The tritone is used in a lot of chord progressions, so much so that it's often referred to as "the relationship between chords". 

For example, the chord progression G7-C7-Dm-G7 contains four chords—three major and one minor. But there's something else that stands out about these four chords: each one contains the same notes except for one note (one semitone).

The tritone is almost always used either as a root note for harmonic triads or in figures consisting of four notes where it occupies the third place after another note placed previously.

The tritone can be used as a root note for harmonic triads. The following chord progression is also based on the tritone:

1st Chord: G7 (notated "G dominant seventh")

2nd Chord: C7 (notated "C dominant seventh")

3rd Chord: Dm (notated "D minor")

4th Chord: G7 (notated "G dominant seventh")

The tritone plays an important role in music production and musical theory as a whole

In music production and theory, a tritone is an interval consisting of three whole tones. Because it's an unusual combination of notes and sounds dissonant, it's called a "dissonant interval". It has been used in music theory to describe the first movement of Beethoven's Piano Sonata No. 17 in D Minor (Opus 31), which employs this interval as part of its main theme.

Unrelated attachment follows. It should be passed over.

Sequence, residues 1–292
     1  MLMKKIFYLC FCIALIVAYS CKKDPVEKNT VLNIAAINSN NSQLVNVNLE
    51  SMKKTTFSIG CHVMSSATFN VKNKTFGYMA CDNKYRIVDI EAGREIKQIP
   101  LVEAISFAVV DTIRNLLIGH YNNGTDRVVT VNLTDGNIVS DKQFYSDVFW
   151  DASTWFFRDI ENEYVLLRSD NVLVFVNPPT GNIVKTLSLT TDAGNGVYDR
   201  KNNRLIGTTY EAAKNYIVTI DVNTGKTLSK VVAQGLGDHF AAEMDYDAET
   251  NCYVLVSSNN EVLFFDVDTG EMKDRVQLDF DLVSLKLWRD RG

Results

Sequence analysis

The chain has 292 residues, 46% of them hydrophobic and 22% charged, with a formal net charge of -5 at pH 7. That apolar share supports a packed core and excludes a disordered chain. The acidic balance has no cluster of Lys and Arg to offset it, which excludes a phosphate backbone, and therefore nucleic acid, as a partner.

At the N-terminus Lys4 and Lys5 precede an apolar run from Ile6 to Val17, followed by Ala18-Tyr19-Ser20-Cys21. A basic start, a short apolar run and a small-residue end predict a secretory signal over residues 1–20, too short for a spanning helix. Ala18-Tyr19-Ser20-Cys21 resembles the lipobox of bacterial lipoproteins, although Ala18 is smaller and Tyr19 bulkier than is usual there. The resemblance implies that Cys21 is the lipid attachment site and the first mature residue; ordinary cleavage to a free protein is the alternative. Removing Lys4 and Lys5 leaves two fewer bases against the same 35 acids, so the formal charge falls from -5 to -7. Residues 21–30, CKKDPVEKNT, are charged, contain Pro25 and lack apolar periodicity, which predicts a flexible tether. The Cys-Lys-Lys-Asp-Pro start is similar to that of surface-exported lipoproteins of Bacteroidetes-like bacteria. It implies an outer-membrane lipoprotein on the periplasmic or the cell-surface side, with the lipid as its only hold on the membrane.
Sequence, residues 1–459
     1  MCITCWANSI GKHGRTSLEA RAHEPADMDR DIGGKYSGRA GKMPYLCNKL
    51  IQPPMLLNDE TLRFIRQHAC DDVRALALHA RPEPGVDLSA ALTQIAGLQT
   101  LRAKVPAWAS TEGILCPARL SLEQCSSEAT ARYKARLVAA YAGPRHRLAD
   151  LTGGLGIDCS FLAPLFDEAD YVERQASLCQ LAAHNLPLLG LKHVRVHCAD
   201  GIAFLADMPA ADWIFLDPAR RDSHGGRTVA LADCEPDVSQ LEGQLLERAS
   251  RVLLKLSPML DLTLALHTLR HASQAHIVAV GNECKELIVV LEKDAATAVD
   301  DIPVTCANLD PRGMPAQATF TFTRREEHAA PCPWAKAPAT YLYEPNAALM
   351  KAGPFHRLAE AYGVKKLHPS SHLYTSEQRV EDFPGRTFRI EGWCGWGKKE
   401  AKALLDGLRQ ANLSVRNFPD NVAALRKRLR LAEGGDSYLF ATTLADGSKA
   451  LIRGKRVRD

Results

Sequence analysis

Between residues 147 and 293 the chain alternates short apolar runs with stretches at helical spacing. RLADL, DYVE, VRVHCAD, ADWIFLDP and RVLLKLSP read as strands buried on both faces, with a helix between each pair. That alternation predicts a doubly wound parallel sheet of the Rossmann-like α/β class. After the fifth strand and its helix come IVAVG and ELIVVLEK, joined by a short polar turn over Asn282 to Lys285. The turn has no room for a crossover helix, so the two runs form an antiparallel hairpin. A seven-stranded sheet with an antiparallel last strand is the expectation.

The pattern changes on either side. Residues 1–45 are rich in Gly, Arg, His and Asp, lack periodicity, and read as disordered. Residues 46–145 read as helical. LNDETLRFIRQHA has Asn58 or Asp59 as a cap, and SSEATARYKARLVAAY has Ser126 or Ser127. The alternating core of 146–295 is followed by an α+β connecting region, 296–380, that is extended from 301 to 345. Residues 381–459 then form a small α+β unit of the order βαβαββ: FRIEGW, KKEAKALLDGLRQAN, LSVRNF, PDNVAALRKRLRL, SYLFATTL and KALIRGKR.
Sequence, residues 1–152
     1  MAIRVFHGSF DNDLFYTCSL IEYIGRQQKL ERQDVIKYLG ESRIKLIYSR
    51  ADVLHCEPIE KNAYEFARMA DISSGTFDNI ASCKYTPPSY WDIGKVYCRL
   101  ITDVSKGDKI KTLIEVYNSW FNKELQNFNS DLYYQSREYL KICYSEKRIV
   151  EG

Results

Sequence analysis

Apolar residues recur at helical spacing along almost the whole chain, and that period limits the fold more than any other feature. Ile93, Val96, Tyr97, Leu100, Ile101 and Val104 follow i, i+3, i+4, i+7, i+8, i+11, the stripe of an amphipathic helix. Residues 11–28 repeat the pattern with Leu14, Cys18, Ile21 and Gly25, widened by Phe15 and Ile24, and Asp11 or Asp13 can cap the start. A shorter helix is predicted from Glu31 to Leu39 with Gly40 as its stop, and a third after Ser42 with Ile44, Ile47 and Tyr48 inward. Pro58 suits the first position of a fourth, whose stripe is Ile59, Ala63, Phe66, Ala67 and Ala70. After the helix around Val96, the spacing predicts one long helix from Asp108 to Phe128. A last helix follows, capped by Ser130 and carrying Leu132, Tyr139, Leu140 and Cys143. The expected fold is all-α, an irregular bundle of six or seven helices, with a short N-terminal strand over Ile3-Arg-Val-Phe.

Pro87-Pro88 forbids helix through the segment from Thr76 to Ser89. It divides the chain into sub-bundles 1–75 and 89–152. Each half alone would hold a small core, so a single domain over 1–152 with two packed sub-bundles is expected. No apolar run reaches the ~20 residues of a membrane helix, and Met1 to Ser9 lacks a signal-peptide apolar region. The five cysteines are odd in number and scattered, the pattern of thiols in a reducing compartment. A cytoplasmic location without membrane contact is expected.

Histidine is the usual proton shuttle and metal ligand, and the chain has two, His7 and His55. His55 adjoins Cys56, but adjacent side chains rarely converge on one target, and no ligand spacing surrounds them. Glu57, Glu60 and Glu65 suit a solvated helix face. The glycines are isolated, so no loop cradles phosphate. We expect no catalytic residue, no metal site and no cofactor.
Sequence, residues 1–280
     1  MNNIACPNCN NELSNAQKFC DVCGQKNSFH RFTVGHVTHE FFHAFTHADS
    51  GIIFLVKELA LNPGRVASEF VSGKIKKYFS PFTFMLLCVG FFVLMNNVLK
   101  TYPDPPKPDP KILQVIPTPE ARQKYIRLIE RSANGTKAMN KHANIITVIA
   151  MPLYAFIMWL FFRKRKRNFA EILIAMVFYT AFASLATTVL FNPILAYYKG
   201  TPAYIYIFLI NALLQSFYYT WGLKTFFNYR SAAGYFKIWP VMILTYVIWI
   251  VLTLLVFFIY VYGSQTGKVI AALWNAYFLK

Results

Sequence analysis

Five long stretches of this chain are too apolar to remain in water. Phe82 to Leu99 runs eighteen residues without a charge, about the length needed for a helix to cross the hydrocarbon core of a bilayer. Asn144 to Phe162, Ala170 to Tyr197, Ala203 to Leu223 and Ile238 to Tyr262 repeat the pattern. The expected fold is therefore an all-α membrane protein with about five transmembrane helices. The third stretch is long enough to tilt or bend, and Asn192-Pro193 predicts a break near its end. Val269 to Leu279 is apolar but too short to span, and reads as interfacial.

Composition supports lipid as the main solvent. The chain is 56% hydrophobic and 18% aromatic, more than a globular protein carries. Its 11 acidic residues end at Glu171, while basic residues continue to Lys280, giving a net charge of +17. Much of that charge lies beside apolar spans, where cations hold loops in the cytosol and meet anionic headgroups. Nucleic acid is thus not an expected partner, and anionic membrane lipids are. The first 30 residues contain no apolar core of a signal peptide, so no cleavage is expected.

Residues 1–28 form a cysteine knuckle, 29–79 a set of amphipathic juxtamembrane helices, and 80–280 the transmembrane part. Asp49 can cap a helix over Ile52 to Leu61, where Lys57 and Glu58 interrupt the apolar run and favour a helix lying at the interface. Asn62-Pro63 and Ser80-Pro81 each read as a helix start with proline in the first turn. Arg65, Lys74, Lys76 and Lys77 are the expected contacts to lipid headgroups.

The tritone is a very interesting and important interval. While it may seem like a bit of an oddity at first, it's actually been around since the early days of western music theory. It's used in many different musical genres and has even influenced musical styles across generations. The tritone is one of those unique intervals that can be found in nearly every genre and style of music out there!